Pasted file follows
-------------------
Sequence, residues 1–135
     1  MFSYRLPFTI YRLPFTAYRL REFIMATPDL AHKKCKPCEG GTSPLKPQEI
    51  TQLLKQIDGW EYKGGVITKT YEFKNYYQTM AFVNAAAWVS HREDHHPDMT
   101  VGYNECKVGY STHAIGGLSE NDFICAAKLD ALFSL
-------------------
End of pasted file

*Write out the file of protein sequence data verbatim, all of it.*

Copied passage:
Sequence, residues 1–135
     1  MFSYRLPFTI YRLPFTAYRL REFIMATPDL AHKKCKPCEG GTSPLKPQEI
    51  TQLLKQIDGW EYKGGVITKT YEFKNYYQTM AFVNAAAWVS HREDHHPDMT
   101  VGYNECKVGY STHAIGGLSE NDFICAAKLD ALFSL